Sipho Risibia, FPB Chief Operating Officer
South Africa’s Film and Publications Board has seen it fit to align itself with Kenya’s homophobic publications board, which regularly attacks the LGBTI community and the right to freedom of speech.
According to Daily Nation, the Kenya Film Classification Board (KFCB) on Thursday signed a memorandum of understanding with South Africa’s Film and Publications Board (FPB) “that fosters common approaches in online content regulation.”
The move comes shortly after the Kenyan censors attempted to ban the Same Love music video from YouTube. They claimed that the clip, which supports LGBTI equality in Africa, “promotes” homosexuality and contains nudity and pornography (which it does not).
The Chief Executive of KFCB, Ezekiel Mutua, warned that “Kenya must not allow people to become the Sodom and Gomorrah through psychological drive from such content.”
YouTube has quite correctly refused to take the video down.
The KFCB has actively played a role in clamping down on freedom of expression in Kenya, often when it comes to LGBTI issues.
In 2014, the acclaimed Kenyan LGBTI film Stories of Our Lives was banned by the KFCB for “obscenity, explicit scenes of sexual activities and [for promoting] homosexuality, which is contrary to [Kenya’s] national norms and values.”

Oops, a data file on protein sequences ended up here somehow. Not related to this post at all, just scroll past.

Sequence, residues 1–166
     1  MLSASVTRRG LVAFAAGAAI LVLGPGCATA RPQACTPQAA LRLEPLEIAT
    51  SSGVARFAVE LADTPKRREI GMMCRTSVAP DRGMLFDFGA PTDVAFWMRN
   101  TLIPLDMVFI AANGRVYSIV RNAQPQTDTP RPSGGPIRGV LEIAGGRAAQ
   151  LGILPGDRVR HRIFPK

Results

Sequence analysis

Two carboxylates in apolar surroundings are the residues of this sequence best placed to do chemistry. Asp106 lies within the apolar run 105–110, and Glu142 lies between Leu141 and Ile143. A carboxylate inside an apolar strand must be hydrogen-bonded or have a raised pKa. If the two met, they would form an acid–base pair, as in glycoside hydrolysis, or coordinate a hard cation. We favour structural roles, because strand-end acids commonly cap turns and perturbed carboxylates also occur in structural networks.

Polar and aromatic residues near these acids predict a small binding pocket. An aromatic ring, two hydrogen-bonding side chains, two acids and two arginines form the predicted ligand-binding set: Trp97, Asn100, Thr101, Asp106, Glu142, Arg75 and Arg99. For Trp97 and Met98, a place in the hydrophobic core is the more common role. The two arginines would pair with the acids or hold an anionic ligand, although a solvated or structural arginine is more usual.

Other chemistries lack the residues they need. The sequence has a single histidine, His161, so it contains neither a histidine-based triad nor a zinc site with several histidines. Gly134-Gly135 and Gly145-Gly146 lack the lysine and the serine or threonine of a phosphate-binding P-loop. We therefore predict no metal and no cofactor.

The film’s executive producer was also accused of shooting the film without a license and faced up to five years in prison. The case against him was later dropped by the state.
The two entities have also found common ground in the “threat” of American streaming service Netflix, which was recently launched in South Africa.
The FPB has given Netflix 14 days to comply with local regulations or face sanctions.
A scene from the banned Same Love music video
“Our values are different from the American values and their 16-year-old is not necessarily our 16-year-old and that’s why they must re-rate the films in conformity with our standards,” Sipho Risibia, FPB Chief Operating officer (COO) told the Standard.
The KFCB also threatened to block Netflix in Kenya, calling it “a threat to our moral values and national security.”
Always eager to demonstrate its clout and using the boogeyman of protecting children from pornography, South Africa’s FPB has been accused of trying to censor the internet locally through its “Draft Online Regulation Policy document.”
In 2008, the FPB was slammed for banning the film XXY, about an intersex teenager, from being screened at the Out In Africa Film Festival, claiming that it contained scenes of child pornography.
Now, it appears that the FPB believes that solidarity with other African bodies is more important than its constitutional obligations to protect freedom of speech and the rights of all LGBTI people, no matter where they live.
Mambaonline has written to the FPB, requesting comment.